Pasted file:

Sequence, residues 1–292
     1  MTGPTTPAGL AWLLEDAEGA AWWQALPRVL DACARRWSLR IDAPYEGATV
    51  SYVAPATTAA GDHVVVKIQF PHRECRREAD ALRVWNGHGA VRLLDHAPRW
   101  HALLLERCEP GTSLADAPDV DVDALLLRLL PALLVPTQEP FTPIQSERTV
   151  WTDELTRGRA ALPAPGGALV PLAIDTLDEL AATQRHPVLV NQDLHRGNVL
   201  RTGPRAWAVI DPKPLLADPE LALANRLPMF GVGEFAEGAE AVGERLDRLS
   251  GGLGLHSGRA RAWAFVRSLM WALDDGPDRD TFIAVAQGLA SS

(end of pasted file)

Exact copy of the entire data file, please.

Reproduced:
Sequence, residues 1–292
     1  MTGPTTPAGL AWLLEDAEGA AWWQALPRVL DACARRWSLR IDAPYEGATV
    51  SYVAPATTAA GDHVVVKIQF PHRECRREAD ALRVWNGHGA VRLLDHAPRW
   101  HALLLERCEP GTSLADAPDV DVDALLLRLL PALLVPTQEP FTPIQSERTV
   151  WTDELTRGRA ALPAPGGALV PLAIDTLDEL AATQRHPVLV NQDLHRGNVL
   201  RTGPRAWAVI DPKPLLADPE LALANRLPMF GVGEFAEGAE AVGERLDRLS
   251  GGLGLHSGRA RAWAFVRSLM WALDDGPDRD TFIAVAQGLA SS